Eleven out of 57 members of the Organization of Islamic Cooperation (OIC) still sanction the death penalty for blasphemy and apostasy, silencing their citizens and emboldening violence by non-state actors.
Global progress has been staggeringly inadequate against Sustainable Development Goal 6, “clean water and sanitation for all.”
According to the latest SDGs progress assessment, 2 billion
people still lack safely managed drinking water, 3.6 billion lack sanitation services, and 3 billion
lack basic hygiene services.
Developing low- and middle-income economies are taking hard hits from global economic developments outside their control. Monetary tightening in advanced economies coupled with increasing fears of a global recession have weakened currencies, sent interest rates soaring, and investors fleeing.
The recent conflict between the United States and Saudi Arabia over Riyadh’s decision to cut its oil production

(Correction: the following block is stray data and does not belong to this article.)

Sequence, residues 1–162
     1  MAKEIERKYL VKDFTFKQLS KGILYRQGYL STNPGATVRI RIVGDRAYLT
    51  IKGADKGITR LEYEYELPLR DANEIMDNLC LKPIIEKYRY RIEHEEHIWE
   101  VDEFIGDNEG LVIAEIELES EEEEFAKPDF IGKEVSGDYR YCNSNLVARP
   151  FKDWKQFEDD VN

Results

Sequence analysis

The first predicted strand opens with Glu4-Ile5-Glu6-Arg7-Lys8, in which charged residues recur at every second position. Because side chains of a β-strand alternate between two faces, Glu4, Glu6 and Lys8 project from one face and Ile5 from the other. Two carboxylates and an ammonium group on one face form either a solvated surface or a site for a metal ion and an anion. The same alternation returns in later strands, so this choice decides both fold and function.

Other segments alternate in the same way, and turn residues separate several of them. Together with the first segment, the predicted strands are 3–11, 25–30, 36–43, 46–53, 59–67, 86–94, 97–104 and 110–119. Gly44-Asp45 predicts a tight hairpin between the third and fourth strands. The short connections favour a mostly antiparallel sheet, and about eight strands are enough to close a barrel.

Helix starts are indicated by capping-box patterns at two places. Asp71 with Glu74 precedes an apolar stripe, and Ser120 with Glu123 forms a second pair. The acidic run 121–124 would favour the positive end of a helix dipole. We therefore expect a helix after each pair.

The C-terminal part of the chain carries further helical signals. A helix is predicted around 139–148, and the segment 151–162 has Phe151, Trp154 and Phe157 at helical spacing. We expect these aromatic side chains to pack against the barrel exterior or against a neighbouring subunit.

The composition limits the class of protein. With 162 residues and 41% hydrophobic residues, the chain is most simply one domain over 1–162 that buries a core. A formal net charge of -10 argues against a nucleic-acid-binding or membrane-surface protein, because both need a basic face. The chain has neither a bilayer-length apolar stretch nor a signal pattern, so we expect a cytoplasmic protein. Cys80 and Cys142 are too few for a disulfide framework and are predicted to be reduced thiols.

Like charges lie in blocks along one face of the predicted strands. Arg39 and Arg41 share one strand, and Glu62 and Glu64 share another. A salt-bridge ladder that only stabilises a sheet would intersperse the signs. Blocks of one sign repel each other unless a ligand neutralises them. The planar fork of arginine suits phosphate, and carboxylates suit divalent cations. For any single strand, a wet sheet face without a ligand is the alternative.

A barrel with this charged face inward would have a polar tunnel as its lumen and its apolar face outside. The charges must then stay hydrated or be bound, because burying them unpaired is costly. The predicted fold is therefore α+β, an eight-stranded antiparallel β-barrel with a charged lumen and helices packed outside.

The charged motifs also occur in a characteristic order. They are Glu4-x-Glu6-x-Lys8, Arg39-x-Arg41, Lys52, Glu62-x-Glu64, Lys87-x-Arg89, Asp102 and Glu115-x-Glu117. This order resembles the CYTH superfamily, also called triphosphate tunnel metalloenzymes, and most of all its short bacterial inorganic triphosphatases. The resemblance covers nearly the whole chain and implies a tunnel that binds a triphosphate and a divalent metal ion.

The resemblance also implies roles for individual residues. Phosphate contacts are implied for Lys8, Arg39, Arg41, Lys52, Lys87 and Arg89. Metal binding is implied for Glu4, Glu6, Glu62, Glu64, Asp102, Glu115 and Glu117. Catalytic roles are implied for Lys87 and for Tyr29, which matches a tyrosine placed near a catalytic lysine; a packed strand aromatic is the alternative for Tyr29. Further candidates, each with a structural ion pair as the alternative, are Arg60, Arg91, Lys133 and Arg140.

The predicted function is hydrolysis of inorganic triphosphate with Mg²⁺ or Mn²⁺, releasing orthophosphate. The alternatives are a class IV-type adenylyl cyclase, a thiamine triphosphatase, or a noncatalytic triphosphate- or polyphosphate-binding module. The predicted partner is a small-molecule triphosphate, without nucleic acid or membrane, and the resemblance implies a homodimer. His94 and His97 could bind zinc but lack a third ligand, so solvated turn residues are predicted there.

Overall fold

by 2 million barrels a day should be addressed in the context of their long and extensive relationship.
The incorporation of small electric vehicles for public transport, together with initiatives that encourage the use of bicycles, represent opportunities and challenges for Cuba to sustainably and inclusively combat the chronic problems in urban mobility.
The United Nations has singled out 42 countries (out of 193 member states) for condemnation-- virtually blacklisting them-- for retaliating against human rights activists and journalists
“This woman sitting next to me, Maria Ressa, is a Nobel laureate and a convicted
criminal,” said barrister Amal Clooney, who co-leads the international legal team representing Ressa. The founder of news website Rappler, Ressa has been targeted with a barrage of legal charges
intended to stop her journalism in the Philippines.
The United Nations is planning to introduce a new “mobility policy” under which staffers based in New York and other Western capitals will be mandated to serve in overseas missions and field services in Asia, Africa, the Middle East and Latin America, including the UN’s 12 peacekeeping operations.